Saturday, June 14, 2014
Black and White Knowledge: Do You Know About the Harlem Renaissance?
After drinks at Mojito Cafe, we moved on to food at Zula Sound Bar. I was so at ease sitting beside chatty Ben that I dove into the pizza and burger that we ordered to share with gusto, unconcerned with maintaining any semblance of dinner-table composure or finding things to talk about. The conversation flowed. He could relate to my brand of familial angst, and he said he stares at globes, too! Sigh. Ben got me.
Ben gave me a puzzled look, his first of the evening.
"The Harlem Renaissance?"
"Yeah, it was like I was back in the 1920s during the Harlem Renaissance."
"What is that? I've never heard of it. Was that in Harlem?"
I tried to hide my shock as I explained to him the black artistic movement of the Roaring Twenties, the iconic one that gave the world Josephine Baker, Duke Ellington, the Cotton Club, and so many of the writers who influenced the writers who influenced me. When I mentioned Langston Hughes, I expected a flicker of recognition. Doesn't everybody know about Langston Hughes?
Nothing. I was taken so completely off guard that I never made it to the Apartheid Museum, site of my defining moment in Johannesburg. Until Ben asked me to explain the Harlem Renaissance, I would have assumed he'd heard of the Apartheid Museum, too. But what do I know now? I might have expected the Harlem Renaissance to have a much higher profile among Americans, white and black, than the Apartheid Museum, which I'd never heard of myself until I was in Joburg. But suddenly, I was questioning everything I thought everybody knows.
Then I had a moment of clarity and realization. I'd always taken for granted that everyone has heard of the Harlem Renaissance, but perhaps it's a specially acquired taste of knowledge, something that only black people know about, like Angela Winbush, Miki Howard, Phyllis Hyman, Girlfriends and The Game.
I'd taken a class in black literature at the University of Florida (before "black" was politically correctly rechristened "African-American"), and the Harlem Renaissance and the writers it inspired were major parts of the course. It was what introduced me to the work of Zora Neal Hurston, Richard Wright, James Baldwin and, of course, Hughes. I could have sworn that the class, like UF's general student population, was predominantly white, but now that I think of it, it probably wasn't. Most white students at the University of Florida in the early '90s likely would not have been interested in black literature.
That class must have been more black than I'd remembered, not just in subject matter. Maybe the Harlem Renaissance wasn't such common knowledge at all, especially among white people. I have lived with my knowledge of it for such a long time that I'd gotten to the point where it felt as if it had always been with me. But my black literature class must have been the first time I'd heard of it. When might a white student whose education veers away from the liberal arts -- or even one, like Ben, who has studied at The New School in New York City -- be exposed to it?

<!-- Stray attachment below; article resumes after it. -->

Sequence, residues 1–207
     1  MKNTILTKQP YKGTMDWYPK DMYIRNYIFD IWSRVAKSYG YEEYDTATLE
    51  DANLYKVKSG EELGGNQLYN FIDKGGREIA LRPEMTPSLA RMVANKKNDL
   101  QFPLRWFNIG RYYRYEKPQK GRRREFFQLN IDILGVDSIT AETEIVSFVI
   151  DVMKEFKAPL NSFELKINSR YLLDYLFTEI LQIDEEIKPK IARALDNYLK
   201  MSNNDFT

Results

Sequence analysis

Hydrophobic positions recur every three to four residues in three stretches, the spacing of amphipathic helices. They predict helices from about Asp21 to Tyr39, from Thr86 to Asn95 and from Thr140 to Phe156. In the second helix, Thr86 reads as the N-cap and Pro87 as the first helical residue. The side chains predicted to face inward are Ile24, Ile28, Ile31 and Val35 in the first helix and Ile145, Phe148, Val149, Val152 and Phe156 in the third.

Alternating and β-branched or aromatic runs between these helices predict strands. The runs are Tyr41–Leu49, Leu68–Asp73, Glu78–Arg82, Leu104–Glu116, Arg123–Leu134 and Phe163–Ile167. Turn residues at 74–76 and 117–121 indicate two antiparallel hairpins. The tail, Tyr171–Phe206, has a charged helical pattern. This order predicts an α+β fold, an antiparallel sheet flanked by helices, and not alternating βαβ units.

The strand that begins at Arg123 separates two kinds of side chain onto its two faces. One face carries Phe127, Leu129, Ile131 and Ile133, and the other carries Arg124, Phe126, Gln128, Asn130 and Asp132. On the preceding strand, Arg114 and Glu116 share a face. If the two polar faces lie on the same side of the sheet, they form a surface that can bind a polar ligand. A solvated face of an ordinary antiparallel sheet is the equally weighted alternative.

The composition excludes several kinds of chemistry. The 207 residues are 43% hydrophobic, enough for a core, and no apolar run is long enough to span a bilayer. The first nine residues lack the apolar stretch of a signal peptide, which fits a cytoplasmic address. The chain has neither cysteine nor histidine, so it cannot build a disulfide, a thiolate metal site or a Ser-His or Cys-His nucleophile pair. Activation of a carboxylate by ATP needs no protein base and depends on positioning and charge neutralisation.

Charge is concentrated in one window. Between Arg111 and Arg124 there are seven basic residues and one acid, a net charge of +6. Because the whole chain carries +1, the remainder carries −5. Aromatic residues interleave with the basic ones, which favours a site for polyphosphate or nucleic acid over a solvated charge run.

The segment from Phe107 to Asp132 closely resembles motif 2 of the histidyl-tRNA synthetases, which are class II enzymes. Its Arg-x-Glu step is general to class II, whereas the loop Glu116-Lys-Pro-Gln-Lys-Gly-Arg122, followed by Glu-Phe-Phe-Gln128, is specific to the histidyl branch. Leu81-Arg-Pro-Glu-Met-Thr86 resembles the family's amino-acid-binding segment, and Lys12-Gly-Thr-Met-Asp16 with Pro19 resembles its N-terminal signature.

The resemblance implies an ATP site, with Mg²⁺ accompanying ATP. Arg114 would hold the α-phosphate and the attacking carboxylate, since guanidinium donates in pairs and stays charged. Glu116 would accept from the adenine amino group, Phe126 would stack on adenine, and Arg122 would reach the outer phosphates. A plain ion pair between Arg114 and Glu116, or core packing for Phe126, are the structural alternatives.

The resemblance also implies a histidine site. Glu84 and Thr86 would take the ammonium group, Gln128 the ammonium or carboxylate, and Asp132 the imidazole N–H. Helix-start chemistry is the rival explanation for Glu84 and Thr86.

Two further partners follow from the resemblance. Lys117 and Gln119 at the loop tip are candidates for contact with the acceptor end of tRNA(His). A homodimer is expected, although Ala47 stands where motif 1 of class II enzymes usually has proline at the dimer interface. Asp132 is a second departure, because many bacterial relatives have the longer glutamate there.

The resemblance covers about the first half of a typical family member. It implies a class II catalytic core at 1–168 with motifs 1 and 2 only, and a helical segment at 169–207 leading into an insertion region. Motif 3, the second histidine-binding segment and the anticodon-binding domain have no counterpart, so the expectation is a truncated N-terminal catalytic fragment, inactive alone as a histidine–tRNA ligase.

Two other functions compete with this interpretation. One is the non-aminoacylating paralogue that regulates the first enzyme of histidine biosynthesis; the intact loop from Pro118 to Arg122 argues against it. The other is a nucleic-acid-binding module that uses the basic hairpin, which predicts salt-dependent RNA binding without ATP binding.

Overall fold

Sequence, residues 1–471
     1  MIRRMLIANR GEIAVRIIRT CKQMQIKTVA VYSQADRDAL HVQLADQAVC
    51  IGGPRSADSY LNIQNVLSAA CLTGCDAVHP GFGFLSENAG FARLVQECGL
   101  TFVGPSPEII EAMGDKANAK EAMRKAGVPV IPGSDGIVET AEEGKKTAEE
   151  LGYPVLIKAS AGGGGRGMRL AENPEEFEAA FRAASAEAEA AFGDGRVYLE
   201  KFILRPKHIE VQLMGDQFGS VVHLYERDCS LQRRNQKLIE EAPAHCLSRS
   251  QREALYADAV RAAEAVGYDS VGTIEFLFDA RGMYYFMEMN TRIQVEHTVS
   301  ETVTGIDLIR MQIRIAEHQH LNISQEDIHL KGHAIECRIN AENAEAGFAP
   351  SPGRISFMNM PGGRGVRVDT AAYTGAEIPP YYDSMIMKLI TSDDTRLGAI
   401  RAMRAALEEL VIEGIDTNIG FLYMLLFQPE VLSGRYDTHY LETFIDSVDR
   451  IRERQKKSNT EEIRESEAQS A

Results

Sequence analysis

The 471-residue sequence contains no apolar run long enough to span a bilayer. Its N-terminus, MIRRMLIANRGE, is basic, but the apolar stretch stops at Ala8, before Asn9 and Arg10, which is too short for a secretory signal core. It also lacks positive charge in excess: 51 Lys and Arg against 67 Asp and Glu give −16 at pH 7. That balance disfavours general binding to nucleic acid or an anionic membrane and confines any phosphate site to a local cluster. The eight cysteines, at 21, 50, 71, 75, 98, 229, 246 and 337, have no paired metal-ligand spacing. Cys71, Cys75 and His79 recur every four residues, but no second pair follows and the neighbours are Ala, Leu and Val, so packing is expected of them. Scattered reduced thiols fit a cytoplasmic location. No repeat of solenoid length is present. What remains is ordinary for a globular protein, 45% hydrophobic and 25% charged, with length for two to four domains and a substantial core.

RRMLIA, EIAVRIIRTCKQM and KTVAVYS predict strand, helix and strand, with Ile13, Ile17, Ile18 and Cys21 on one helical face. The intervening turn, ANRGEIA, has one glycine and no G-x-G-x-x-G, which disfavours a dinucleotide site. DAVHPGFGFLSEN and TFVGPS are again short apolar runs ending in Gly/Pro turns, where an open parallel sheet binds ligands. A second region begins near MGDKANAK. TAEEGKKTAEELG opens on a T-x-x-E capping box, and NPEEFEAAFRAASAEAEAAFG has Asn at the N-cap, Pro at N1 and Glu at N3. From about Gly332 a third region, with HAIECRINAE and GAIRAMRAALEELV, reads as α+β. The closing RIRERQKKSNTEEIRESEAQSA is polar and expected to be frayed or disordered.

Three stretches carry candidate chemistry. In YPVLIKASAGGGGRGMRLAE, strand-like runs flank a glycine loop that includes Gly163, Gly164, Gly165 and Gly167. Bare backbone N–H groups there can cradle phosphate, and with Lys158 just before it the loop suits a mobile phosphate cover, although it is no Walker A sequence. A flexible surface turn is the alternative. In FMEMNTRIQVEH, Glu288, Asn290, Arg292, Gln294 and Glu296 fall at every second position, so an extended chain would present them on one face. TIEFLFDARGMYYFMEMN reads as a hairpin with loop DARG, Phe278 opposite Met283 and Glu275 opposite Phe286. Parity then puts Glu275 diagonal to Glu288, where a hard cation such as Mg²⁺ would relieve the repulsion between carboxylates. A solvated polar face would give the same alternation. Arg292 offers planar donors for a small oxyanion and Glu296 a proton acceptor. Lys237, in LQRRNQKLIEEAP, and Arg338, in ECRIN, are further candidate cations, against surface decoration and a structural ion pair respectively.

As a black writer and journalist, I'm sure I would have picked up knowledge of the Harlem Renaissance at some point, even had I not taken the black literature class. But why should I expect it to be on the historic radar of a white person who's neither a writer nor a creative type, even one who has spent the last three years being a part of the white minority in predominantly black Cameroon? The black experience there has nothing to do with Harlem.
Ironically, earlier the same day, I'd received an email from my Facebook friend Gavin, a white Canadian musician with whom I've been having a back-and-forth written dialogue for the past couple of weeks on race issues and pretty much everything else under the sun. Attached to it was an mp3 he ripped from the 1989 film Looking for Langston, which was inspired by Hughes and the Harlem Renaissance.
The excerpt was a powerful two-minute jazz-accompanied monologue/meditation on the objectification of the black male. The devastating final sentence -- "To you he's only visible in the dark" -- stunningly summarizes a point I've made over and over in several recent essays (particularly in this one and in this one), in the title of my forthcoming book, Is It True What They Say About Black Men?, and in the book itself.
I didn't listen to the mp3 until the morning after my night out with Ben. As it played on a repeat loop, I found myself wondering what Gavin would think of Sophiatown Bar Lounge -- or my description of it. Clearly he's heard of the Harlem Renaissance.
But I won't hold Ben's lack of that specific knowledge against him. Although I was somewhat disappointed that my description of Sophiatown Bar Lounge didn't resonate with him the way I wanted it to, he has so much going for him. I was impressed by his desire to know more about his personal unknown and his lack of fear of it. That's what had driven him from his comfort zone in Pittsburgh/Bensonhurst to a West African country where he knew no one and didn't speak the language (something I can relate to, having done something similar when I moved to Buenos Aires nearly eight years ago). Most people in the U.S., white and black, have never even heard of Cameroon.
They should all be so lucky to be educated not only in geography but in other cultures, too, and maybe even learn French along the way. Alas, Cameroon is not so accessible to everyone, but the Harlem Renaissance is, even nearly a century later. Its sweet and bitter fruit -- the words of Hughes, Hurston, Wright and Baldwin, the music of Ellington and so many others -- should be part of the well-balanced diet of every American, black and white.
Taste it and grow.